The statute requires that the whistleblower “reasonably believes” that their employer has violated one or more of the enumerated federal fraud statutes. Id. at § 1514A(a)(1). The ARB has interpreted this requirement as having two parts:  (1) the employee has “a subjective belief that the complained-of conduct constitutes a violation of relevant law”; and (2) “the belief is objectively reasonable.” Sylvester at 14. As long as the employee’s belief is both subjectively and objectively reasonable, the ARB held, their actions are protected even if no legal violations actually occurred.
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The U.S. Constitution limits the government’s ability to infringe on a range of rights, including the First Amendment right to free speech. In the context of New Jersey employment matters, this usually places far more limits on public employers than private employers. As a general rule, a private employer does not infringe on an employee’s freedom of speech if they discipline or fire that employee because of statements they have made. Since public employers are part of the government, they have less leeway with regard to employee speech. A lawsuit filed earlier this year, however, alleges that a private employer violated the plaintiff’s constitutional rights by firing her because of her speech. Briskman v. Akima, LLC, No. 2018-5335, complaint (Va. Cir. Ct., Fairfax Cty., Apr. 4, 2018). The plaintiff claims that the defendant fired her “out of fear of unlawful retaliation by the government for constitutionally protected speech,” id. at 8, and that this makes her termination a violation of her First Amendment rights.

Caselaw has largely established broad protections for the free speech rights of public employees with regard to their employment. According to the U.S. Supreme Court, a public employee who speaks out about “issues of public importance” cannot be subject to termination by their employer, unless their statements were “knowingly or recklessly” false. Pickering v. Board of Education, 391 U.S. 563, 574 (1968). This does not apply, however, when the employee is speaking in their official capacity as a government employee. Garcetti v. Ceballos, 547 U.S. 410 (2006).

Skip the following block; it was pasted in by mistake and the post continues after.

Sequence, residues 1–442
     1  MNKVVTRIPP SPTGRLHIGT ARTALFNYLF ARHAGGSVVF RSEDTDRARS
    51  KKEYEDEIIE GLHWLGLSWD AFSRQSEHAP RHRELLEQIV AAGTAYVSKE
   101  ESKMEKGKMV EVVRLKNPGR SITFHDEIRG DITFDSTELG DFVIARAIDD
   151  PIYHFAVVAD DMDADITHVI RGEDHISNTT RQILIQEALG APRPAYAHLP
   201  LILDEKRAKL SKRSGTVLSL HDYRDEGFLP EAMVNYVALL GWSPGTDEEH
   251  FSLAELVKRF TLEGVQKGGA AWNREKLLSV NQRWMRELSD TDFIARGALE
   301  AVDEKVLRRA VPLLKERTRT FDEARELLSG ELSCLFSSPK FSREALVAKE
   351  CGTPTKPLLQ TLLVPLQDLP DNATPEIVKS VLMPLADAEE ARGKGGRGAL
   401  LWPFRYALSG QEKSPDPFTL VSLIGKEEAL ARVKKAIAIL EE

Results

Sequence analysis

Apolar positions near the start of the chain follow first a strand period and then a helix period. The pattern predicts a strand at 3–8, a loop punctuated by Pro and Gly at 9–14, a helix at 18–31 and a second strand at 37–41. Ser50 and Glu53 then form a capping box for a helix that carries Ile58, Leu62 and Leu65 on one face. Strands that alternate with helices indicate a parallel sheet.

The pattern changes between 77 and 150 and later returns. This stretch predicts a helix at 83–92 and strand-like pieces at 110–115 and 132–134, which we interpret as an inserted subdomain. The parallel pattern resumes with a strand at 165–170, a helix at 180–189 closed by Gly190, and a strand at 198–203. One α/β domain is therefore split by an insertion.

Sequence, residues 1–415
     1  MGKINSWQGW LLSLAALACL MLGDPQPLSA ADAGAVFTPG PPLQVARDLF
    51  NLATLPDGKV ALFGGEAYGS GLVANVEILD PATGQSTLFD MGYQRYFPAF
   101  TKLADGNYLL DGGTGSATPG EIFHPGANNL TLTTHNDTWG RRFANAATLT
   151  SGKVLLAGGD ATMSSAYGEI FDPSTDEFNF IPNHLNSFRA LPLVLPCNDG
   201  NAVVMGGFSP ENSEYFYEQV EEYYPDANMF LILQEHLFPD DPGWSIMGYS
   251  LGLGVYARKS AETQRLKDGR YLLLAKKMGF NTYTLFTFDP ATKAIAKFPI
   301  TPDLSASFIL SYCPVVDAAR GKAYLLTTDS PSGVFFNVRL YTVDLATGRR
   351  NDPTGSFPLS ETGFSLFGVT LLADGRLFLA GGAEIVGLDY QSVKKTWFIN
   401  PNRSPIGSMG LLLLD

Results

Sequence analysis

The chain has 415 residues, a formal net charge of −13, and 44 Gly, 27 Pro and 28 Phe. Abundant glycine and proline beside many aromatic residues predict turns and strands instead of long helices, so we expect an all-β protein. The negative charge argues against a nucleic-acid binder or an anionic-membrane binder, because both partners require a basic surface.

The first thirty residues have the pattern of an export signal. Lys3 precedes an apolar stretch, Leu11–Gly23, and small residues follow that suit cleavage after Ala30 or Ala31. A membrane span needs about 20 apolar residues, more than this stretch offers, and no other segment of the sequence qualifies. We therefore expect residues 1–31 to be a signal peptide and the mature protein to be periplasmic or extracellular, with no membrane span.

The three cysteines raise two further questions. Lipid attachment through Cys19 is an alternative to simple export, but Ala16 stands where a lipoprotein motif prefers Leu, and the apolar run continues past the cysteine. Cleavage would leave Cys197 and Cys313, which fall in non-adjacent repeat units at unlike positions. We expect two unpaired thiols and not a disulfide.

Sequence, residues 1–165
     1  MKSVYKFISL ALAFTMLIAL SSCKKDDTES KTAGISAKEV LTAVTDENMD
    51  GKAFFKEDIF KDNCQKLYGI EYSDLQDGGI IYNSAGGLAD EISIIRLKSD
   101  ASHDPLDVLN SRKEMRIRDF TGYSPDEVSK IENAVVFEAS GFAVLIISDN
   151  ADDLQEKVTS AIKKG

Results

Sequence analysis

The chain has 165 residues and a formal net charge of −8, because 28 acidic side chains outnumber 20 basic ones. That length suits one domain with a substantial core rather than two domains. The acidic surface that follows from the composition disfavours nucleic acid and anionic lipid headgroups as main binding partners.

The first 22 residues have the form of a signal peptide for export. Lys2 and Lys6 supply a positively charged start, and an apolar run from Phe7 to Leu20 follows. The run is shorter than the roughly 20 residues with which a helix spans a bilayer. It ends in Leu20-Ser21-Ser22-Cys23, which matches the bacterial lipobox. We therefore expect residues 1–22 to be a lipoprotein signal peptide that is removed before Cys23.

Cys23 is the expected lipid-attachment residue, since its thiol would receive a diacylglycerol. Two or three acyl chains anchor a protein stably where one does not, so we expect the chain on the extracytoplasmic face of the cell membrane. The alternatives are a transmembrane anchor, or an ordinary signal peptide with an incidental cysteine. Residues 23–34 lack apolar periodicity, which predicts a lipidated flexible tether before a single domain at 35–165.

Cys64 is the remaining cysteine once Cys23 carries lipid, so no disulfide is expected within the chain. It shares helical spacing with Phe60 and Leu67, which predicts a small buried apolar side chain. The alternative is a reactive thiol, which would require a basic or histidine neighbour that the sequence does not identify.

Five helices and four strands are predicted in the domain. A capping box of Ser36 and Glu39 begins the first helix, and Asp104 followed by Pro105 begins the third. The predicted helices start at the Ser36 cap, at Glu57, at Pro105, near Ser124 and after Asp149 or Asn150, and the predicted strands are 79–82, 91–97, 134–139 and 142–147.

Private employers have fewer restrictions with regard to disciplining employees, including terminating them, for statements they have made. This often applies even when the statement or statements at issue involved matters of public concern that were unrelated to the employee’s position with the employer. Some exceptions apply, such as when the speech involves activities protected by the National Labor Relations Act, 29 U.S.C. § 157, or when a state or local anti-discrimination law includes protections for “political activities,” N.Y. Lab. L. § 201-D. The Third Circuit Court of Appeals has ruled that termination for an employee’s political activities, or their refusal to participate in political activities, could violate public policy. Novosel v. Nationwide Ins. Co., 721 F. 2d 894 (3rd Cir. 1983).

Businesses have an obligation to protect their assets and interests, but not in ways that damage their employees. New Jersey employers can protect their interests with covenants not to compete, also known as noncompete clauses, which limit employees’ ability to work for, or become, a competitor after their employment ends. A bill pending in the New Jersey Legislature would significantly restrict the enforceability of noncompete clauses. An Assembly committee reported favorably on A1769 in May 2018, while the Senate counterpart, S635, is still awaiting a committee hearing.

In order for a noncompete clause to be enforceable under current New Jersey employment law, it must be reasonably limited in both time and geographic scope. A noncompete clause that purported to prohibit a former employee from ever working for a competing company anywhere in New Jersey would be unenforceable on its face because it is not even close to being reasonably limited to the protection of the employer’s interests at the moment the employee ceases to be employed. If the noncompete clause only restricted employment with a competitor within, for example, five miles of the employer’s location for six months, it would probably be enforceable. Even then, however, noncompete clauses often require workers to relocate or change fields solely to avoid liability to their former employer.